The impact of the media on the elderly (over 60) population in America's middletown

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Woodress, Frederick A.
Murk, Peter J., 1942-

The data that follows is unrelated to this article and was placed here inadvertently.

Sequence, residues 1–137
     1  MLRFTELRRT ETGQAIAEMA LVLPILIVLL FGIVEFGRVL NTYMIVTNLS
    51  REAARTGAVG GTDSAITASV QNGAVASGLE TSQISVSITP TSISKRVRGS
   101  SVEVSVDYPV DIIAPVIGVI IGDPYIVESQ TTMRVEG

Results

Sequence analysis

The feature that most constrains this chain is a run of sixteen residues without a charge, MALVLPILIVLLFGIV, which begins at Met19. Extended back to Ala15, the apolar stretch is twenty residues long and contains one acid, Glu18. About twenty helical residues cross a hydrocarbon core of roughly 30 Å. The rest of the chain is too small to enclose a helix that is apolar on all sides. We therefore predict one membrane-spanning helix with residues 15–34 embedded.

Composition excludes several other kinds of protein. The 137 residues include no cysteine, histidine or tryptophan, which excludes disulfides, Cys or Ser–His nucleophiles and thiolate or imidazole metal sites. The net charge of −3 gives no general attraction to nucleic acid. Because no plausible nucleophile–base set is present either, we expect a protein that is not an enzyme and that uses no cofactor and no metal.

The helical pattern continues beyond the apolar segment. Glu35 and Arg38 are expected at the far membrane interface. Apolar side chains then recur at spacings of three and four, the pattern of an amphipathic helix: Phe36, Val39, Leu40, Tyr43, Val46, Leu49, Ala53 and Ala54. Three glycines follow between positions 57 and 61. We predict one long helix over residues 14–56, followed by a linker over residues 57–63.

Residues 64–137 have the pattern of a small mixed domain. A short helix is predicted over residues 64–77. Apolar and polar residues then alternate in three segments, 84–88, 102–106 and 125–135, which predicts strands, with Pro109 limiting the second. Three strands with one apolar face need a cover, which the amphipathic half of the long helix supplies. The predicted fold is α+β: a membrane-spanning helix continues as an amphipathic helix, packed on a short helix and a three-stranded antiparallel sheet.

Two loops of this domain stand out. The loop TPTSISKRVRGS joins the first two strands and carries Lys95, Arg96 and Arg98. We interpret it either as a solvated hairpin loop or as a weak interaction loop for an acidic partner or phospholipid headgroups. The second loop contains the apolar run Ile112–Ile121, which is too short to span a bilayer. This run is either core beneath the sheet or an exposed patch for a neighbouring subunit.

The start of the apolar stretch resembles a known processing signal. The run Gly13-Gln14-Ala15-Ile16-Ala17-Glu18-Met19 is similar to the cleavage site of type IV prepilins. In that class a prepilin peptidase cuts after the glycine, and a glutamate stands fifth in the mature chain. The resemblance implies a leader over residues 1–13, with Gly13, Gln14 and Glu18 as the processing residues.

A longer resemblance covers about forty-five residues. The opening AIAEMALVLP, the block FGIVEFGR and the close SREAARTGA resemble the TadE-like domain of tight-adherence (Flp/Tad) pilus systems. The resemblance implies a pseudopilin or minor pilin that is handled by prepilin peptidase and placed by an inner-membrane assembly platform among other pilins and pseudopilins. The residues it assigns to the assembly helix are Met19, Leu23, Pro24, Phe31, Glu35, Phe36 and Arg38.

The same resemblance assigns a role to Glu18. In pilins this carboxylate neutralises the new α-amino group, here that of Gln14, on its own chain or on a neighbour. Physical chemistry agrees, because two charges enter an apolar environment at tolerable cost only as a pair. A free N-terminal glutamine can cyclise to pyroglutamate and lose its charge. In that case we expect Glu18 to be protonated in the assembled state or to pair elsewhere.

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Researcher Frederick Woodress has added another study, one on media as it has impacted the elderly, to the large 65-year-old data bank for Muncie Indiana's "Middletown." The basic data was established in 1924 when Robert and Helen Lynd, pioneer sociologists, arrived in the Midwestern town to research and write their Middletown books. This new study covers 553 males and females ages 19 to 92--400 over 60 selected at random by computer, 75 in the 30 to 50 group, also selected at random by computer, and 78 journalism students. The elderly and 30 to 50 year-olds were interviewed by telephone while the students completed questionnaires face-to-face.As part of this investigation, Woodress surveyed prominent newspaper columnists, TV news people and editors about their perceptions of the media's coverage of the elderly. With 53 percent return, the author summarized the results of this mail survey.The 14 mediums examined included television, radio, newspapers, tabloids, magazines, books, comics, computers, VCR's and motion pictures. Complaints and compliments were expressed about various media with television rating as the medium the respondents of all ages would miss the most with newspapers a distant second. Elderly respondents displayed a strong interest in television, newspapers, magazines and books, spent considerable time listening to police/fire radio scanners and showed some interest in using computers. The elderly were very critical of the movie industry and two-thirds said they had not attended a movie for at least a year. Almost one-third of the 30-50 age group also admitted they had not attended a movie theater showing for a year, but all groups were watching movies on television, cable and VCR's.All three groups commented on the media coverage of the 1988 presidential election campaign and told what activities they would rather be doing than reading newspapers, listening to radio or watching television. This study is an overview of the growing elderly population, a group given scant attention in previous Middletown studies. It provides important insights for the media concerning this growing segment of the population.